We used two different time series depicting dynamics of the Eastern, migratory population of monarch butterflies. First we used the log of the total extent (ha) of overwintering forest area occupied in Mexico per year from 1993–2014 measured by the World Wildlife Federation Mexico and the Monarch Butterfly Biosphere Reserve (MBBR)^{5}. Second, we used the log of the estimated total amount of egg production in the Midwest per year from 1999–2012^{6} and extended this through 2014 for the current analysis (Extended Data Table 1). The egg production per year was based on the average estimated eggs per milkweed stem for that year multiplied by the number of available milkweed stems on the landscape in that year. Eggs per stem estimates come from weekly monitoring data reported to the Monarch Larva Monitoring Project (MLMP  http://www.mlmp.org) from citizen scientists throughout the monarch range. We used the eggs per stem value from the week of peak egg production as an index for the production estimation. The number of available milkweed stems was based on estimates of the density of milkweeds in different habitats based on surveys^{23,24} and the area on the landscape occupied by those habitats using U.S. Department of Agriculture (USDA) databases^{25} and a function describing the decline of milkweeds in agricultural fields^{6}.
Estimating Population Parameters
We developed a multivariate firstorder autoregressive statespace model^{10,11,12} to generate monarch population parameter estimates for quasiextinction risk forecasting. We chose a Bayesian modeling approach because the resulting parameter posterior distributions provide a complete characterization of parameter uncertainty that can be seamlessly propagated through to our quasiextinction risk analysis. In so doing, we can account for uncertainty in quasiextinction risk due to uncertainty in the parameters controlling population change. Moreover, the hierarchical nature of statespace modeling is easily handled through Bayesian estimation.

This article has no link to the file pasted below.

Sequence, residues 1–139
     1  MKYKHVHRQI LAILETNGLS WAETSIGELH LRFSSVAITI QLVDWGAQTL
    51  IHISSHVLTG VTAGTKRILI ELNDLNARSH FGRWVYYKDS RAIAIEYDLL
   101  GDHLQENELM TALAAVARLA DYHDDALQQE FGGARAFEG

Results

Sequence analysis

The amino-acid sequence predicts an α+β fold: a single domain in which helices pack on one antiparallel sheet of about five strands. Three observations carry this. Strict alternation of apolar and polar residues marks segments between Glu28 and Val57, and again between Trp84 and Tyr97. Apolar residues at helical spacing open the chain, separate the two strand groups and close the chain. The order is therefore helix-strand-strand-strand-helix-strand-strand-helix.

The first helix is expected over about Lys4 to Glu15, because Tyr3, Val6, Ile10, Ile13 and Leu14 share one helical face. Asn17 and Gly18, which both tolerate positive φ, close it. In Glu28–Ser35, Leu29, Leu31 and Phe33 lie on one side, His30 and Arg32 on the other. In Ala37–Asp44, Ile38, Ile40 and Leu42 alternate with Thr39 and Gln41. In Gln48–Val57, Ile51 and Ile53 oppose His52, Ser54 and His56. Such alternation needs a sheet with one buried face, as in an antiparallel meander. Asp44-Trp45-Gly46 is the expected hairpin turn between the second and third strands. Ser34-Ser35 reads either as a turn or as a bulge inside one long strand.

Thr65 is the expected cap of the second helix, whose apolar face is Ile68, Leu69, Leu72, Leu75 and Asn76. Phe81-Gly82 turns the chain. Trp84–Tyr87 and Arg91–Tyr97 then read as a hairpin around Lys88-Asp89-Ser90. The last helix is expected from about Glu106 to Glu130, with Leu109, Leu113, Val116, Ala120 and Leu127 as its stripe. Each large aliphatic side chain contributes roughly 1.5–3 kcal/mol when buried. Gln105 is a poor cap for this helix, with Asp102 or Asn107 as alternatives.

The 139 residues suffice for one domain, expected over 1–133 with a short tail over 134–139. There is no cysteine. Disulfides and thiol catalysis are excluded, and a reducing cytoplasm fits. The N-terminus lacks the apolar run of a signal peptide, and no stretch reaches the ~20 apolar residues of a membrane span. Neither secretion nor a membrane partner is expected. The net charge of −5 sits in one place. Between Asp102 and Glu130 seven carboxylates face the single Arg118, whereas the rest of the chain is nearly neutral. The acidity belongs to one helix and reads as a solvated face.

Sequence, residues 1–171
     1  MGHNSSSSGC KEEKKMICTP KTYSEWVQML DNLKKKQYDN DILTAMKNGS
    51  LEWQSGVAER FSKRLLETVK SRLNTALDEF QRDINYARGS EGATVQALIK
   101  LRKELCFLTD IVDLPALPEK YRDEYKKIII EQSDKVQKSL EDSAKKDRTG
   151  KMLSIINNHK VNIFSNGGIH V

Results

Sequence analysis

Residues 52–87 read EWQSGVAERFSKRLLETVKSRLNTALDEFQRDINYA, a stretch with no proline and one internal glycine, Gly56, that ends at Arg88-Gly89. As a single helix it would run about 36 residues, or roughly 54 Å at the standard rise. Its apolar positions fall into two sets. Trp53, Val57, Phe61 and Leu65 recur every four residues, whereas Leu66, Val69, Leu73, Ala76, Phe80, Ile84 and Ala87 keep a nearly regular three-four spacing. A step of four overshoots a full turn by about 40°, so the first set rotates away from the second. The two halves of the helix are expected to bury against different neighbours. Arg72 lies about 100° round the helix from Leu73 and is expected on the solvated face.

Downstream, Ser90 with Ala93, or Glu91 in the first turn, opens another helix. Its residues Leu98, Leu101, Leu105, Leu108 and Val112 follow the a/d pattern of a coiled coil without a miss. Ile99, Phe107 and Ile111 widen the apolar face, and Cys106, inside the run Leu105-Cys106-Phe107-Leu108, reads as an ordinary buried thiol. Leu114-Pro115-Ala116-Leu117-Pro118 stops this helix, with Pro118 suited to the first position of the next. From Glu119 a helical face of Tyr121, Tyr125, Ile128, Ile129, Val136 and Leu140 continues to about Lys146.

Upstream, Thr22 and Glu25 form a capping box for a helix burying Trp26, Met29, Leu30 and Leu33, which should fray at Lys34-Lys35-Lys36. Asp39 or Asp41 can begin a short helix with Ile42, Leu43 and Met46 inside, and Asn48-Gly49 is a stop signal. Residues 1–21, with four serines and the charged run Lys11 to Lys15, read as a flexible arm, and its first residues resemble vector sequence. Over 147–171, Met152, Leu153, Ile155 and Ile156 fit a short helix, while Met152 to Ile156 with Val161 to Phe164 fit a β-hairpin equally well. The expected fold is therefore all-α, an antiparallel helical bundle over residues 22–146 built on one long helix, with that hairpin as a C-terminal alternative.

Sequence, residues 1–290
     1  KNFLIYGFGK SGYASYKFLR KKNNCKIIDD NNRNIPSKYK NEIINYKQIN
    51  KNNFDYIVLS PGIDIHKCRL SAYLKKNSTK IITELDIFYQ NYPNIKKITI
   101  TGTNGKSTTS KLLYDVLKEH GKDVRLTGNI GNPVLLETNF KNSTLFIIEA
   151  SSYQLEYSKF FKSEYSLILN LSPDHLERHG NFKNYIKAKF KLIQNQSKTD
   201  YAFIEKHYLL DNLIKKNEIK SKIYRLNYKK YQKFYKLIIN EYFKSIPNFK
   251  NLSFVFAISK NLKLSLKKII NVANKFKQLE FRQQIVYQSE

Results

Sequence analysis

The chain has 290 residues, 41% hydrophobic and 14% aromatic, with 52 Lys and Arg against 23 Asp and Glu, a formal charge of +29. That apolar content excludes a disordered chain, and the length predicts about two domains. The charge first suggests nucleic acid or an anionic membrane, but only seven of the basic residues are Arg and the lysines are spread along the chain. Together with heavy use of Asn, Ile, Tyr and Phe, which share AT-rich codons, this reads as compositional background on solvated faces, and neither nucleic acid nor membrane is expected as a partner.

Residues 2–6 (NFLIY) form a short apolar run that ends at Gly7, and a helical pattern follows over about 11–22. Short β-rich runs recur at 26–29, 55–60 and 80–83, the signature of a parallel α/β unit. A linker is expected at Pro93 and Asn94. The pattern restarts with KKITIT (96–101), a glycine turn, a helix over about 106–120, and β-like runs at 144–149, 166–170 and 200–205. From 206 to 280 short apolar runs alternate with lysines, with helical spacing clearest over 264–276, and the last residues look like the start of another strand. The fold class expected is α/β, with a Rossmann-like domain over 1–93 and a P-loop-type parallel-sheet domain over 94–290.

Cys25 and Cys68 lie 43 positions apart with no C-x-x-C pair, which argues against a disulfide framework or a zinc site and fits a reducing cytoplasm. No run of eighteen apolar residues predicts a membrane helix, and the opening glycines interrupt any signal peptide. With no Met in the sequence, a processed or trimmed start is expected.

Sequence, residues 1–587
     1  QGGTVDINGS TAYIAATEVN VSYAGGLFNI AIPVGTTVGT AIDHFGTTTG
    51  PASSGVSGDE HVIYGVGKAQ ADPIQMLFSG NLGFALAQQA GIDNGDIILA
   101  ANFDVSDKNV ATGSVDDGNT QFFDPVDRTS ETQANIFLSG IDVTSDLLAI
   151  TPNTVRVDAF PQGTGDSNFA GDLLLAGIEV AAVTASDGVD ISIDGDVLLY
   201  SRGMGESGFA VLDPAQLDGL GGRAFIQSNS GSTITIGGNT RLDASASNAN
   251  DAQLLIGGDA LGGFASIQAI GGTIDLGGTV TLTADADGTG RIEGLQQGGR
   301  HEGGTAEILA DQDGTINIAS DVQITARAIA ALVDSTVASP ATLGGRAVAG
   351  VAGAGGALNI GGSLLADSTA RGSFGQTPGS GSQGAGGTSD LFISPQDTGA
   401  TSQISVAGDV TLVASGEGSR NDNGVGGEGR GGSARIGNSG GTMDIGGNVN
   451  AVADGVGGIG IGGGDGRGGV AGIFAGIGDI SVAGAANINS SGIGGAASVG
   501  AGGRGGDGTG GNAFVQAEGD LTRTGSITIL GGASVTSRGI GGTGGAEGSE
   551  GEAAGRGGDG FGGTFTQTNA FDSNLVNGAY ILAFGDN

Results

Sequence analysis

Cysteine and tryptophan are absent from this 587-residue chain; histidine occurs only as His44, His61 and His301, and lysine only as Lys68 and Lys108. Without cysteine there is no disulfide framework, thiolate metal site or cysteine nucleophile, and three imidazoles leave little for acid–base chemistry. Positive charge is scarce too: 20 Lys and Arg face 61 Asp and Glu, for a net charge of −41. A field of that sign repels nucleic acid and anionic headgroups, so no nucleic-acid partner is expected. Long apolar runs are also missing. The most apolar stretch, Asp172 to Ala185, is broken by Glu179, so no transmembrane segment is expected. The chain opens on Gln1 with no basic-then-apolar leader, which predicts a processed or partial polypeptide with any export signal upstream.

The logscale population modeling framework takes the following form:
In the above set of equations, x represents the state process (estimated log of the true size of the overwintering population in Mexico) across all years t for which we have data. The state process evolves from one year to the next according to a mean population growth rate, , and associated random yearly deviates to growth, w_{t}, which we assumed to be normally distributed with a mean of 0 and a standard deviation q (process noise). The exception to this is that we must directly estimate the population state in the first year (1993) using an uninformative uniform prior, since there is no prior year to evolve from. Note that , the average annual (nonlogged) population growth rate, where λ values of <1 result in population decline, while values of >1 results in population growth.
Values of m_{t} are the log of yearly estimates of Mexican overwintering habitat occupied, which we assumed to deviate from the state x_{t} by v_{t}. Values of v_{t} follow a normal distribution with a mean of 0 and a standard deviation of q^{*}p (measurement error), where q is the process noise and p is a proportion parameter. We used this parameterization based on the assumption that process noise in the time series is greater than the measurement error associated with the Mexican overwintering data. This assumption is based on a consensus among the authors that measurement error is exceeded by variation in population sizes caused by demographic and environmental variation, and because process noise is typically the predominant form of variability in time series’ of wild populations^{26}. As such, measurement error in m is defined to be a proportion (p) of process noise q.
Similarly, the log of annual estimates of Midwestern egg production, e_{t}, are assumed to deviate from the state x_{t} by a, a scaling parameter^{11} that shifts the egg production index to the same scale as the overwintering habitat index, and f_{t}, where values of f are assumed to be normally distributed with a mean of 0 and a standard deviation of r (measurement error). Note that, in the context of the linear modeling framework outlined above, the parameter a is essentially an intercept term.
We fit our model using R^{27} and JAGS^{28} (Just Another Gibbs Sampler), and assessed convergence by examining parameter traceplots and calculating GelmanRubin diagnostics using the CODA^{29} package in R. Parameter estimates are provided in Extended Data Tables 1 and 2.
For the purposes of quasiextinction risk forecasting, we report the following posterior estimates after removing variation caused by measurement error: